nothing characteristic that needs to be done with Wide/Narrow. We’re going to use this sound like many of the preceding shapes, to emphasize its surrounding shapes. Since the next sound is an OO and we’re already at a somewhat wide shape, we don’t want to narrow it because that will take away from the impact or unattractively lead into the next sound. We don’t want to widen it because that would indicate that we’re trying to hit a visime, which we’re not. So, we effectively “hold” the shape we already have. It may not seem like it, but this reasoning is a subcategory of opposites called stepping, also explained in Chapter 4. Briefly described, stepping is for when you’ve got multiple similar shapes in a row trying to out-extreme each other. You can pause on each one briefly to give each a moment of its own and then move on. you As before, this sound is in the easy territory of a basic visime. OO visime = narrower

key. The EE sound in the word you only really gets played up at the beginning of a sentence or after a long pause. doing For the do portion, we need to consider the surroundings before we can choose what to do. At the end of the preceding word we went narrower. This sound, too, should lead us narrower, but by narrowing twice in a row, we risk not seeing the first shape as we breeze right by it to even narrower. Remember “stepping” from are two words ago? That’s what we’ll do again here. You may need to take some strength away from the OO in you to leave the OO in do something to be narrower in relation to. The ing portion is wider. This is partly because IH is a visime, and also because ing is most definitely not an OO sound. Sometimes we need to key away from surrounding sounds as much as we need to key into them.


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the simplest lip sync

“Who are you and what are you doing?”: Open/Closed Now let’s look at the Open/Closed for “Who are you and what are you doing?” Word

Open/Closed Sequence

Who

Open, semi-closed

Are

Open, semi-closed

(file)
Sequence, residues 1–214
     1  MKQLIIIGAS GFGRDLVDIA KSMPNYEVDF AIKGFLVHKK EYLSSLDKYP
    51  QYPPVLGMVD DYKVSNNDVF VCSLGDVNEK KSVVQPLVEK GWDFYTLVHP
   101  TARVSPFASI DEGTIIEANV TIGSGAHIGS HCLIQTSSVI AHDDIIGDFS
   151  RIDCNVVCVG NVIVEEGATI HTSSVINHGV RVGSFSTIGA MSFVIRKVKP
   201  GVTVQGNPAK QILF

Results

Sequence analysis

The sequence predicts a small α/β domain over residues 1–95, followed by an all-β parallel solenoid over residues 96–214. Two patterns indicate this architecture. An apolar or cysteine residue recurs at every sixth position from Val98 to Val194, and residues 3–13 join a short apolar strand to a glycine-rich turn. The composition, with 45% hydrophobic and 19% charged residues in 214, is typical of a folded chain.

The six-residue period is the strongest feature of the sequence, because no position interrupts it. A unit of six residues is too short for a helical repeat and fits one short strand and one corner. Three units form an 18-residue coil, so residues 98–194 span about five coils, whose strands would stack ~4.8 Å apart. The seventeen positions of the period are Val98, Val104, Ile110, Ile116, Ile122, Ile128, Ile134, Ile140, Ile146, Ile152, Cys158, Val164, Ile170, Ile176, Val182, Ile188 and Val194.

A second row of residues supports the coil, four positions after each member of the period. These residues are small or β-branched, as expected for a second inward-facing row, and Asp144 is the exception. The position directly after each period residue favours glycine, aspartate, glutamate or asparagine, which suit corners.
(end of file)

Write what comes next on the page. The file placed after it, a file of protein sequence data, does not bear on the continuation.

You

Open, semi-closed

And

Open, semi-closed

What

Open, semi-closed

Are

Open, semi-closed

You

Open, semi-closed

Doing

Open, semi-closed

Interesting. Hmm. That all looks like the same motion over and over. And the reasoning is not present; the conclusions are just laid out for you! This is a bit of an oversimplification because of timing and strength of the motions, but in essence, the Open/Closed cycle is going to be a function of syllables. The jaw, or Open/Closed, should be treated like a sock puppet. If all we had as a tool to work with was Open/Closed, we should still be able to convince people that the words were coming out of the character’s mouth (albeit somewhat sock-puppety!). This is the process you will learn to use.

The Simplest Lip Sync You’re ready for your first sync tutorial! Let’s put this simple stuff to the test. It’s easy—trust me. We don’t want to get bogged down in expressions and fancy heads and shapes just yet; there’s a whole book ahead of us going into that stuff in detail, so for now we’re going to do some copying of expressions and really basic point-pulling for the sake of the exercise. This may seem a little like jumping through hoops, but it gets us to a starting point really quickly. Every practical instruction needs a tool, but you might be using any of several good 3D animation programs. For my hands-on tutorials, I prefer to use Maya, but the principles will carry over to other software; you’ll just have to do a little bit more digging, finding the specific buttons and tools. I’ve set up rigs in several packages and the logic does apply, and work, in all of them.

Creating a Sync Tool 1: Shapes First we’re going to breeze through creating our shapes. In the next steps, I’ll have you create a simple circle and a set of Wide/Narrow and Open/Closed keys along with an interface. This little model in hand, we can start on some of the early practical work of the book. If you would rather not build it yourself (I recommend highly that you do), you can load the finished setup from the CD; in the Chapter 1 folder, look for SplineMouth.mb.